Let $E$ be a complex Hilbert space. Let $T\in \mathcal{L}(E)$.

I have two questions:

Why it is not true that for an arbitrary operator $T\in \mathcal{L}(E)$, we have $\langle Tu\;|\;u\rangle=0,\;\forall u\in E \Longrightarrow T=0$? And is this property true for normal operators?

I think it is true for self adjoint operators because the norm of a self adjoint operators is given by

$$\left\|T\right\|= \sup\big\{\;\left|\langle Tu\;|\;u\rangle \right|,\;\;u \in E\;, \left\| u \right\| = 1\;\big\}$$

Thank you.

  • $\begingroup$ When you wrote $\langle Tu\,|\,u\rangle$, did you mean $\langle Tu\,|\,u\rangle=0$? $\endgroup$ Commented Dec 22, 2017 at 15:54
  • $\begingroup$ Yes. Thank you .. $\endgroup$
    – Student
    Commented Dec 22, 2017 at 15:56
  • 2
    $\begingroup$ It is true that $\langle Tu\;|\;u\rangle=0,\;\forall u\in E \Longrightarrow T=0$ when $E$ is a complex Hilbert space, but not when $E$ is a real Hilbert space. $\endgroup$ Commented Dec 22, 2017 at 16:01
  • $\begingroup$ math.stackexchange.com/questions/2576821/… $\endgroup$
    – Guy Fsone
    Commented Dec 22, 2017 at 16:12

3 Answers 3


Suppose $\newcommand{\ip}[2]{\langle #1\mid #2\rangle}\ip{Tu}{u}=0$ for every $u$. Then, given $u$ and $v$ and any scalar $a$ (assuming semilinearity in the first variable, with the opposite convention the proof is essentially the same): $$ 0=\ip{T(u+av)}{u+av}= a\ip{Tu}{v}+\bar{a}\ip{Tv}{u} $$ In particular, for $a=i$, we get $\ip{Tu}{v}=\ip{Tv}{u}$ and, for $a=1$, $\ip{Tu}{v}=-\ip{Tv}{u}$.

Therefore $\ip{Tu}{v}=0$, for every $u$ and $v$, in particular for $v=Tu$. Hence $Tu=0$.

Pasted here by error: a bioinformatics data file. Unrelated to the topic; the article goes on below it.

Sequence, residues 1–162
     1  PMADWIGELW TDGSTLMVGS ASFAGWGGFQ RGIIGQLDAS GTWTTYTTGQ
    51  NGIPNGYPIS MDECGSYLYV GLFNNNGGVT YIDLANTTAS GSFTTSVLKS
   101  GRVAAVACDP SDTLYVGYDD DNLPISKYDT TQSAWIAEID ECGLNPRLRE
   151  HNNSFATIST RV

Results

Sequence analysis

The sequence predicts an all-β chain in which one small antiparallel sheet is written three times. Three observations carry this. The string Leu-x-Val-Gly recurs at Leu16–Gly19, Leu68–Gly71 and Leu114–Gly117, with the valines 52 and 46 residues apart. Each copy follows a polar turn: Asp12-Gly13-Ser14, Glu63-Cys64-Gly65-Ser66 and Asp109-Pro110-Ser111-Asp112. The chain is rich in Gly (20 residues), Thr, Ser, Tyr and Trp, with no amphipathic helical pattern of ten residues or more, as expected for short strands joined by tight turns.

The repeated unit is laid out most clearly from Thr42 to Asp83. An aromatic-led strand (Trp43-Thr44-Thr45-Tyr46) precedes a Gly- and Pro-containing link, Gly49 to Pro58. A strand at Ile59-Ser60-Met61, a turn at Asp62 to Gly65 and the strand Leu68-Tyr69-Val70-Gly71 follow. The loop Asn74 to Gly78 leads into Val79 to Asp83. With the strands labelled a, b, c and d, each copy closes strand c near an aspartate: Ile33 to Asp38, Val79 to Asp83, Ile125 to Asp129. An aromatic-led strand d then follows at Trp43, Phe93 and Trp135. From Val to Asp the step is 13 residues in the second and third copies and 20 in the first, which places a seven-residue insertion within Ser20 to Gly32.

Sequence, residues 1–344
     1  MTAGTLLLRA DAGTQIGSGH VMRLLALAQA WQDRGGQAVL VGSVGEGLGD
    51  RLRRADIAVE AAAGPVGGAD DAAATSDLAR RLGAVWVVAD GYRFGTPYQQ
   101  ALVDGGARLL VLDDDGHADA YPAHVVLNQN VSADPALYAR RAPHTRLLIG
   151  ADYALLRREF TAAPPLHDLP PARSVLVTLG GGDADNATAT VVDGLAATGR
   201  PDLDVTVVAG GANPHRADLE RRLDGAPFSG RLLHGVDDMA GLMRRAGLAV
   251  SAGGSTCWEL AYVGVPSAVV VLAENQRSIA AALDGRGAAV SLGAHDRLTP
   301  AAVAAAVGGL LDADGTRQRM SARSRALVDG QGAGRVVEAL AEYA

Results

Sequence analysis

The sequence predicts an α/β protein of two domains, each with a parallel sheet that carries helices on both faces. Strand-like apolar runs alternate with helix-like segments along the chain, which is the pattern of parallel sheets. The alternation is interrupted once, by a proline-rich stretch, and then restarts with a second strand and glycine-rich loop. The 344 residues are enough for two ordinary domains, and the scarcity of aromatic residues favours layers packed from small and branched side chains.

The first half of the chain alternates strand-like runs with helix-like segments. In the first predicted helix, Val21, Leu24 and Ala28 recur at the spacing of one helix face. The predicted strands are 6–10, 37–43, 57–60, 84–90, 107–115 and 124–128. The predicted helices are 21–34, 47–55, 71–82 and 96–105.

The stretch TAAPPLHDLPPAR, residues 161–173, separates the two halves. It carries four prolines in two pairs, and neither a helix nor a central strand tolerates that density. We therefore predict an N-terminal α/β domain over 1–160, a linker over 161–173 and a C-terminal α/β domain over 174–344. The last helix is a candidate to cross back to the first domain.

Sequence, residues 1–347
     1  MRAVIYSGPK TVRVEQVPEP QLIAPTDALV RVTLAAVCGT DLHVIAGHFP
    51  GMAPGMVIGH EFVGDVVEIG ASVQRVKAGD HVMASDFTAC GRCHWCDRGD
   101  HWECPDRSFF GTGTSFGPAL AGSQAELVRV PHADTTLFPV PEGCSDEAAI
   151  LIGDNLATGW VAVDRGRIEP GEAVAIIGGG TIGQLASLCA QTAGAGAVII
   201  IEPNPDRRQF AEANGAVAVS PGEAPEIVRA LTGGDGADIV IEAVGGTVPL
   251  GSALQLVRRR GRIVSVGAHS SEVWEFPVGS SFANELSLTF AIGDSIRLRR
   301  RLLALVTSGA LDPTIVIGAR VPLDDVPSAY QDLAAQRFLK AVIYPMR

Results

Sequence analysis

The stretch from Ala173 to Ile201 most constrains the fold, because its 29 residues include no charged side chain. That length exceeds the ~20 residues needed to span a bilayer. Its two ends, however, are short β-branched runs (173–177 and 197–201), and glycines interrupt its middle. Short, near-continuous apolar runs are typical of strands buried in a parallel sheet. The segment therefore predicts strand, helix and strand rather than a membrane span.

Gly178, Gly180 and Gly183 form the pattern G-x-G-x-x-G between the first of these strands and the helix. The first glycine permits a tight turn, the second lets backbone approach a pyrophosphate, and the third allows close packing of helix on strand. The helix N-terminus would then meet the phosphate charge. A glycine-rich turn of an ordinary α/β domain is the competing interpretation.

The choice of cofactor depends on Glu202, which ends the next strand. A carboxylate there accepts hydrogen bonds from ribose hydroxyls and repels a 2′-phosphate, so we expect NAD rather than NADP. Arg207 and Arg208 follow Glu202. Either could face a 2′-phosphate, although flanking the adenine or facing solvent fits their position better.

Note that this can fail on real Hilbert spaces; the easiest example is $$ T\colon\mathbb{R}^2\to\mathbb{R}^2 \qquad T\begin{bmatrix} x\\y\end{bmatrix}=\begin{bmatrix}-y\\x\end{bmatrix} $$

  • 1
    $\begingroup$ I would add a remark on the fact that this fails on real Hilbert spaces, that's surprising. At first sight I would have said that this should have been false for complex spaces too. $\endgroup$ Commented Dec 22, 2017 at 17:25
  • 1
    $\begingroup$ @GiuseppeNegro That's why complex spaces are better. ;-) $\endgroup$
    – egreg
    Commented Dec 22, 2017 at 17:26

A sesquilinear form $s(x,y)$ on a complex vector space can be recovered from the associated quadratic form $q(x)=s(x,x)$ through the polarization identity $$ s(x,y) = \frac{1}{4}\sum_{n=0}^{3}i^n q(x+i^n y). $$ So, if the quadratic form is $0$, then so is the sesquilinear form.

In your case, $s(x,y)=\langle Tx,y\rangle$ and $q(x)=\langle Tx,x\rangle$. So it is in fact the case that $T=0$ if $\langle Tx,x\rangle=0$ for all $x$, but this relies on having a complex space. Real spaces do not behave in the same way.


On a complex Hilbert space $H$ the following proposition holds:

Let $T : H \to H$ be a bounded linear map such that $\langle Tx, x\rangle \in \mathbb{R}$ for all $x \in H$.

Then $T^* = T$, i.e. $T$ is self-adjoint.


We have $\langle Tx, x\rangle = \overline{\langle x, Tx\rangle} = \langle x, Tx\rangle$ for all $x\in H.$

\begin{align} 4\langle Tx, y\rangle &= \langle T(x+y), x+y\rangle - \langle T(x-y), x-y\rangle + i\langle T(x+iy), x+iy\rangle - i\langle T(x-iy), x-iy\rangle\\ &= \langle x+y, T(x+y)\rangle - \langle x-y, T(x-y)\rangle + i\langle x+iy, T(x+iy)\rangle - i\langle x-iy, T(x-iy)\rangle\\ &= 4\langle x, Ty\rangle \end{align}

Hence $\langle Tx, y\rangle = \langle x, Ty\rangle$ for all $x, y \in H$ so $T^* = T$.

Now in your case we have $\langle Tx, x\rangle = 0 \in \mathbb{R}$ so in particular $T^* = T$.

Using the formula you gave for the norm of a self-adjoint operator we obtain:

$$\|T\| = \sup_{\|x\| = 1} |\langle Tx, x\rangle| = 0 \implies T = 0$$


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